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Room 25 Ultimate is a reboot of a game which kind of flew under the radar at Essen 2013. Or at least I feel like it did (I honestly don’t have any sort of numbers to show how popular it was or wasn’t at the time). The story is fairly simple. Players are competitors in a futuristic game show where the players are all prisoners trying to escape from a maze of rooms. This new version of the game keeps the old components of the original game while adding in a few “ultimate” additions to make the game ever more frenetic.
One of the hallmarks of the game is that there are multiple ways to play the game: cooperatively, competitively, solo, and even more. From our previous experiences with the base game, my group prefers the co-op mode, and thus far, all of our games have been in that mode. In this version, players work together to escape the maze of rooms.
At the start of the game, a central room is placed on the table. A 5×5 grid is constructed out of room tiles – making sure that the exit room, “Room 25” is in one of the external corners. Each player is given a player board – which is really just a huge player aid sheet to remind you of the actions/functions of the different room tiles. All players place their plastic figure into the central room. At the start of the game, the players get a clue, each is allowed to look at one orthogonally adjacent room tile to the central room. In order to win the game, the players as a group must discover the Key Room, get everyone into Room 25 and then move that room off the board.
Each player starts the game with 4 base action tiles (move, push, control and look) as well as one special action token which is specific to each player. Depending on which character you chose, you may also get some specific tokens to use with your ability. It is up to your group to decide if you want to get characters randomly or to specifically choose them based on their abilities and how they might work together.
A start player is chosen and that player places his turn order marker on the appropriate space on the track for the number of turns in the game. Players in clockwise order place their marker on the next space on the track.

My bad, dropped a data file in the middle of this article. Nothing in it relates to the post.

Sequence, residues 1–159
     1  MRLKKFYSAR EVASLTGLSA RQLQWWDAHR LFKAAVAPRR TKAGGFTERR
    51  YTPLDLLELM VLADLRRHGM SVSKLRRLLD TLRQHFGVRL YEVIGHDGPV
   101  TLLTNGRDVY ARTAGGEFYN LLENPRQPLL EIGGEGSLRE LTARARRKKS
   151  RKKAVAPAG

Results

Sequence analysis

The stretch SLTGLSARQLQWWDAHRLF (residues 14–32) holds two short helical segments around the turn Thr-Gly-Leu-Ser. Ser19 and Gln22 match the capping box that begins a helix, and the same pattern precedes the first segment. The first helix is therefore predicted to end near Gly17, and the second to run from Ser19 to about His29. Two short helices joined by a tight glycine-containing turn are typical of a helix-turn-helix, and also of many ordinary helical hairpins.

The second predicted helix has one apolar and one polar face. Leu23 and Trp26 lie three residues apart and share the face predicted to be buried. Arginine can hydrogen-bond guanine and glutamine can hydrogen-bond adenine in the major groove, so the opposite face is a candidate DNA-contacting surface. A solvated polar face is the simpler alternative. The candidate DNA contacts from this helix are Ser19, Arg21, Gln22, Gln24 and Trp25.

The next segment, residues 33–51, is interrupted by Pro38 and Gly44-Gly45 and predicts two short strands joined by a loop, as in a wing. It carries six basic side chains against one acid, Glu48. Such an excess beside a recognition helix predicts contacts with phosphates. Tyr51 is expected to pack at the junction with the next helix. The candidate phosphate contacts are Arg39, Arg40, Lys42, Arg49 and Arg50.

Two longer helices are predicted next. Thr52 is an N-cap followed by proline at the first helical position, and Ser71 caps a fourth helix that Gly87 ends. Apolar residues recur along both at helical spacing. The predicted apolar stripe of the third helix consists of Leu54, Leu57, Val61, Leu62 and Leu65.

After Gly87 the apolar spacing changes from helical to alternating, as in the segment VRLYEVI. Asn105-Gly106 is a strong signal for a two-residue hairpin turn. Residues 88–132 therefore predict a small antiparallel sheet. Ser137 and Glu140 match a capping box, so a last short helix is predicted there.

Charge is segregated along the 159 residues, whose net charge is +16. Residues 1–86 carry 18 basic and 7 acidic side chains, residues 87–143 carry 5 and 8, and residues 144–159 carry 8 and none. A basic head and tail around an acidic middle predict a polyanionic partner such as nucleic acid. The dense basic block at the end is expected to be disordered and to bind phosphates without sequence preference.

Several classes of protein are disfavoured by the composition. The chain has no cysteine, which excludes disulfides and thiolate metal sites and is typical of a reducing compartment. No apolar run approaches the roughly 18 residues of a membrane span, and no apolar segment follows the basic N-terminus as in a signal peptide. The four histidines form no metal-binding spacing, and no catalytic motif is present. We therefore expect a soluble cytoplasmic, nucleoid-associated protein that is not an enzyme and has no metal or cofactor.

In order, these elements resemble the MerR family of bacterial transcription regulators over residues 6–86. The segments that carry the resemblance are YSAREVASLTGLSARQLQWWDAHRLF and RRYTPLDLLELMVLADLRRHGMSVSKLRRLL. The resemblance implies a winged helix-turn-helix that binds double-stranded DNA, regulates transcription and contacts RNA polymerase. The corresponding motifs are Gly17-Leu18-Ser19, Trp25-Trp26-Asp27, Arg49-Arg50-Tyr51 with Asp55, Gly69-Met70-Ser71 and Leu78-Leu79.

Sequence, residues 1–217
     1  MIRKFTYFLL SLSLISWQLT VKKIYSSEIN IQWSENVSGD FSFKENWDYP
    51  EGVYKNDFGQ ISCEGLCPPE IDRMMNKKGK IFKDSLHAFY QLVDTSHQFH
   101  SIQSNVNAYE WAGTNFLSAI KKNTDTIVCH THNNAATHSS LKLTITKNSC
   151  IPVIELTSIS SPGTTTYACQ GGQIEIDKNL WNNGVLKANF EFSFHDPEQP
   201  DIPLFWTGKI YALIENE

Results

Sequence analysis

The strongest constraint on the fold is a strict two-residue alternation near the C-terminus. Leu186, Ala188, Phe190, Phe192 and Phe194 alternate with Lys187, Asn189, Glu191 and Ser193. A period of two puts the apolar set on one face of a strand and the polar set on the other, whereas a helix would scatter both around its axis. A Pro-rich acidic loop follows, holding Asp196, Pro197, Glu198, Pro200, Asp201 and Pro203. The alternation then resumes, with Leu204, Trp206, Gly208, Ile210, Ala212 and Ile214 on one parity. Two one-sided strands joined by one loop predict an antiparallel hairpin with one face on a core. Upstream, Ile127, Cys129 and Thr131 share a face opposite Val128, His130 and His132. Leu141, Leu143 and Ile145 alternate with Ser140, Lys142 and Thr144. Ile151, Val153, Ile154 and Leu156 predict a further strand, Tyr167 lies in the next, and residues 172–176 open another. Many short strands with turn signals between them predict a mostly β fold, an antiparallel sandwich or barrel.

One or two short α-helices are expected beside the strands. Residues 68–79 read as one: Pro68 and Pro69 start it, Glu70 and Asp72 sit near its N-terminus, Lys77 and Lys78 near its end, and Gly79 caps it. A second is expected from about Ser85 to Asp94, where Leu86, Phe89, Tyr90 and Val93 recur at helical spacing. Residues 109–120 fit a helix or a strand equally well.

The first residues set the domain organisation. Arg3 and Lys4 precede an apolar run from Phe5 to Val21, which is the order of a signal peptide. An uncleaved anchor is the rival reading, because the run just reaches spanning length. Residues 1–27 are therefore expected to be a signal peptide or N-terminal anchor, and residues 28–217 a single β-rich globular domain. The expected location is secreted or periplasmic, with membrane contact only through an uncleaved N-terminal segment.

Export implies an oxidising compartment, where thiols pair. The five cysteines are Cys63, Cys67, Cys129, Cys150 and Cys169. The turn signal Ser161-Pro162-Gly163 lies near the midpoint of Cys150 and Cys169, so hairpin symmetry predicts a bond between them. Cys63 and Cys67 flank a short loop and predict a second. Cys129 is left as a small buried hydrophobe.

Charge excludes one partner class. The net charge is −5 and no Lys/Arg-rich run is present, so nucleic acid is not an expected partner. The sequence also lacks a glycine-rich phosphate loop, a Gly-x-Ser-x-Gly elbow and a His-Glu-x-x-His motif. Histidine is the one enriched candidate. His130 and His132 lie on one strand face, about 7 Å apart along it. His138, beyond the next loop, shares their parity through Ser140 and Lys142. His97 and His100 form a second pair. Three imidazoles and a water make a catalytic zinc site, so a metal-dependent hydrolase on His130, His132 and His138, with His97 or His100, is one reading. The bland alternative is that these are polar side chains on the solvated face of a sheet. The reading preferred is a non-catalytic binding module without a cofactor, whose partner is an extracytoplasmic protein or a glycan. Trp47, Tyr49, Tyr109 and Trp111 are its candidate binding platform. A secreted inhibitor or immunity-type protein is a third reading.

The game is played in a number of rounds – the number of which changes with the number of players. In a 4p game, there are 8 rounds. In each of these rounds, there are four phases:
M.A.C. card (Move Alone Complex card) phase – at the start of each round except the final round, draw 2 cards from the deck and apply their effects. These cards may cause a row or column of rooms to shift OR they could be a Punishment card where specific characters must lose one of their basic action tokens. For more advanced games, there is a second deck of “Madness” M.A.C. cards with even more varied actions.
Programming – Each player takes his action tiles and chooses one or two of them to use in this round. The chosen tiles are placed face down to the right of your player board. The players must also decide whether or not to use their adrenaline token; this is a once-in-a-game token which will give that player a third action in this round. The adrenaline action can be any of the four base actions and can even be a repeat of one taken earlier in the round. If a player only chooses one token, he places it in between the slots for Action 1 and Action 2.
Action – starting with the current start player, each player does the action corresponding to the tile in the first action space (if you only chose one action tile, when your turn comes around, you can decide if you’re going to take your action in the first or second round). The basic actions include:
Look – choose a facedown tile which is orthogonally adjacent to your figure. Look at it secretly and then put it back in the same place. You may only communicate the color of the room to the other players.
Move – move your figure to an adjacent room. If the tile is still face down, flip it over when you enter it. Then, apply the effects of the room when you enter it.
Push – push another character that is in your room into an adjacent room. If the tile is face down, reveal it. Then apply the effects of the room to the pushed character. You may not push players from the Central room.
Control – Move a line of rooms that you are standing in (either vertical or horizontal). All rooms move one space in the desired direction and the room which was on the end loops around to the other side. You may never move the Central room. Place a marker showing the direction of movement of that chosen row/column – for the rest of this round, this row/column can only move in that direction.
Play goes around the table twice, with each player taking their chosen action. If anyone had played their Adrenaline token, they get a third action at the end of the round where they can use any of the basic actions – even if it is an action that they already took earlier OR an action tile which they had been forced to discard due to a M.A.C. card.
The players win if they have met all the victory criteria. They lose automatically if there are no more rounds. If there is another round, the player marker which is last in line is moved up to the front, thus taking up the correct place in the turn track for the current turn.
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